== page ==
The purpose of this study is to determine the usefulness of exercise treadmill testing (ETT) among asymptomatic persons in predicting coronary heart disease (CHD) events over and above the Framingham CHD risk score.
Subjects included 3043 members of the Framingham Heart Study offspring cohort without CHD (1431 men and 1612 women; age, 45+/-9 years) who underwent ETT and were followed up for 18.2 years. The risk of developing CHD was evaluated relative to 3 exercise test variables: (1) ST-segment depression > or =1 mm, (2) failure to achieve target heart rate (THR) of 85% predicted maximum, and (3) exercise capacity. In multivariable analyses that adjusted for age and Framingham CHD risk score, among men, ST-segment depression (hazard ratio [HR], 1.88; 95% CI, 1.21 to 2.91) and failure to achieve THR (HR, 1.70; 95% CI, 1.18 to 2.45) predicted higher CHD risk, whereas a greater exercise capacity predicted lower CHD risk (HR per MET, 0.94; 95% CI, 0.89 to 0.99). Although similar HRs were seen in women, those results were not statistically significant. Among men with 10-year predicted risk > or =20%, failure to reach THR and ST-segment depression both more than doubled the risk of an event (HR, 2.66 and HR, 2.11, respectively), and each MET increment in exercise capacity reduced risk by 13% (HR, 0.87).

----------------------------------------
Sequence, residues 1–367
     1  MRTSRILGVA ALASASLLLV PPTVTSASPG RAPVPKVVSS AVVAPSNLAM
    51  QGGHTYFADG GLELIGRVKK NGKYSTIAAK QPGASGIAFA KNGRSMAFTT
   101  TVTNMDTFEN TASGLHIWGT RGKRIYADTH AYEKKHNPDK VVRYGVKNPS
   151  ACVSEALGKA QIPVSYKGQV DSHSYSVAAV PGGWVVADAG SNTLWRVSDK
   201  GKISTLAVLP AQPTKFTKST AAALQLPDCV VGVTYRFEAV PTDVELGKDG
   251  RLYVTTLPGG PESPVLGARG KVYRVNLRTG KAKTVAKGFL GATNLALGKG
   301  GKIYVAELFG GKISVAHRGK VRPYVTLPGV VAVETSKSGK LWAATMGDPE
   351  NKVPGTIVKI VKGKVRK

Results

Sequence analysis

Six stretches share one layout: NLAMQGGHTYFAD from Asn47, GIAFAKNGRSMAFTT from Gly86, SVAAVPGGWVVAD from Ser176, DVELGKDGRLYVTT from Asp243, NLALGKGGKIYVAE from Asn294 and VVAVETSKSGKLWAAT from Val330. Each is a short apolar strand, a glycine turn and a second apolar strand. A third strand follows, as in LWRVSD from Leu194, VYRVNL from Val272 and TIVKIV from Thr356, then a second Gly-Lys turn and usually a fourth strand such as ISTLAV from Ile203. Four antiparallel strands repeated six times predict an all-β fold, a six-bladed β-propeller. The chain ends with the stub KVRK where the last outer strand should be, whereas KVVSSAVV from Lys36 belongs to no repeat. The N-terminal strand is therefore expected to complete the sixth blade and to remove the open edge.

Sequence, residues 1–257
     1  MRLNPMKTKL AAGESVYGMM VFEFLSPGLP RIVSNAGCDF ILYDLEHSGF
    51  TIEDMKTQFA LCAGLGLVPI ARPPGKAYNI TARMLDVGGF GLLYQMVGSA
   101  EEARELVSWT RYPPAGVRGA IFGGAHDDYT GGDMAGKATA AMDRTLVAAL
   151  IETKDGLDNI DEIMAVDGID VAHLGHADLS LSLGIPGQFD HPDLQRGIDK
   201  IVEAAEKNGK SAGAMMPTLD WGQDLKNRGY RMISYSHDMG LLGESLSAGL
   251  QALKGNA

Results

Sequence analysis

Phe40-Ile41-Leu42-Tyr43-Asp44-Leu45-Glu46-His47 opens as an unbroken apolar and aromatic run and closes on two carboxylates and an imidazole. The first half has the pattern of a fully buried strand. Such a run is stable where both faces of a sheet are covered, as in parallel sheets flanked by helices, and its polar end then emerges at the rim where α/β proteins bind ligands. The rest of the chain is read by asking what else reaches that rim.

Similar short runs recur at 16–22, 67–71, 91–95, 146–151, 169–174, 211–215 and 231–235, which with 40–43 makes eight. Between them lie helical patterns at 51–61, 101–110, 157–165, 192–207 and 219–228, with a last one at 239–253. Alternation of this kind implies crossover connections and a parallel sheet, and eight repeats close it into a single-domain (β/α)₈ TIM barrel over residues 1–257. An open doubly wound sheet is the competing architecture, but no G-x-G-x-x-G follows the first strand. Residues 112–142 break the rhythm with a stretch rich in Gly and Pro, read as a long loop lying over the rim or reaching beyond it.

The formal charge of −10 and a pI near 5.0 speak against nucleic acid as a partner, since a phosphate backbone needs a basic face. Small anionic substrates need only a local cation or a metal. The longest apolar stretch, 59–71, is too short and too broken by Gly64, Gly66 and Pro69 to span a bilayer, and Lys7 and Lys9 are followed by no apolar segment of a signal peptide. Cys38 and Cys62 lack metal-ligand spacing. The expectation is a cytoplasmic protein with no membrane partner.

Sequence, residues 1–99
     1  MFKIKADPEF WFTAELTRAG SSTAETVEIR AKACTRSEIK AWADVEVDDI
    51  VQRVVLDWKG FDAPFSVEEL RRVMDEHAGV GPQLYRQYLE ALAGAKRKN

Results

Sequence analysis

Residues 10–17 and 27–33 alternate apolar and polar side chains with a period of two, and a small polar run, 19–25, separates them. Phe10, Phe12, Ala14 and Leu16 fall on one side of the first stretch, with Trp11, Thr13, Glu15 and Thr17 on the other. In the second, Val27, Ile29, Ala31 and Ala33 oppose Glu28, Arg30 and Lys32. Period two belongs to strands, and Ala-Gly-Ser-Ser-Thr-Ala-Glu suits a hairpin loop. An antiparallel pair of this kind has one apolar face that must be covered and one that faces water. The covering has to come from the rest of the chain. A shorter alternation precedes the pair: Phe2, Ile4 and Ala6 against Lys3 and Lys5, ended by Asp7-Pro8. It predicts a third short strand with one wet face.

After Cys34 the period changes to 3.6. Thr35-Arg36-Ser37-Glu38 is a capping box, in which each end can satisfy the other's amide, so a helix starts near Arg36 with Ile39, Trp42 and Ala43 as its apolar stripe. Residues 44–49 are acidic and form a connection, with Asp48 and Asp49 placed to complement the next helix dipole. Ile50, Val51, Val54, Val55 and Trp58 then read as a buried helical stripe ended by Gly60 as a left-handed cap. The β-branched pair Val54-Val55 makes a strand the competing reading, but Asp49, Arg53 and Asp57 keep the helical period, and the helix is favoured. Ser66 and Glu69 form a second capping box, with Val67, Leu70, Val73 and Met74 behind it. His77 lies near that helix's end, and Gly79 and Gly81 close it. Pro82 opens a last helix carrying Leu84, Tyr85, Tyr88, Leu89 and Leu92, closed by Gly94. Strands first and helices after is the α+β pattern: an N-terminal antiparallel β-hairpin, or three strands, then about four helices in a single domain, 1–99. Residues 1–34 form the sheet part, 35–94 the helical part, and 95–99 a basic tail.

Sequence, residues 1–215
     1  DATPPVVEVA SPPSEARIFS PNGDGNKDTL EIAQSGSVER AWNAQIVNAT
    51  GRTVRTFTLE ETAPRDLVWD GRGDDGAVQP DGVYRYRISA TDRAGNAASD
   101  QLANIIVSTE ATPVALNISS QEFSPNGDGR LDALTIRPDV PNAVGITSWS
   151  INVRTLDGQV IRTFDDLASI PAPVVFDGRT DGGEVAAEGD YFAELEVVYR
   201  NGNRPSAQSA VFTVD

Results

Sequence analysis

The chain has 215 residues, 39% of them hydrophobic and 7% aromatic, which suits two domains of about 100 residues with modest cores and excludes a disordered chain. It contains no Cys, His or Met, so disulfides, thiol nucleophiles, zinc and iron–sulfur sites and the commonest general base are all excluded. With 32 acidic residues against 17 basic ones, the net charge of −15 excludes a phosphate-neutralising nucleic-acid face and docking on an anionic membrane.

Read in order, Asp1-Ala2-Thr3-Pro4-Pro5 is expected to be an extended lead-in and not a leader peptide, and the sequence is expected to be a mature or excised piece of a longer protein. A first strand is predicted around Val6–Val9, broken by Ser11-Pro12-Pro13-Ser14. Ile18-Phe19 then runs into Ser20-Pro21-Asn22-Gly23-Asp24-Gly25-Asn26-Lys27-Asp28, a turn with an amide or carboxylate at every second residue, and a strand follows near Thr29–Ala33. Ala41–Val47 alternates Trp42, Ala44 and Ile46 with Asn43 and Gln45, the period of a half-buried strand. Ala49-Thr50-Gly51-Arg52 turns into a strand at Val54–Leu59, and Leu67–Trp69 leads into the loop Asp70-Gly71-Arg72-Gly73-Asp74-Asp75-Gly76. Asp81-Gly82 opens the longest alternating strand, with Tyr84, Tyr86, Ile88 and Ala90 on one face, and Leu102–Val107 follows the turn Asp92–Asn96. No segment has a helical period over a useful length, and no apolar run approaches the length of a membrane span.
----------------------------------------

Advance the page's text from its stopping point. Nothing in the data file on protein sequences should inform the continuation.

Among asymptomatic men, ST-segment depression, failure to reach THR, and exercise capacity during ETT provided additional prognostic information in age- and Framingham risk score-adjusted models, particularly among those in the highest risk group (10-year predicted CHD risk of > or =20%). The evaluation of exercise test variables in women is limited, given our sample size and the few CHD events in women.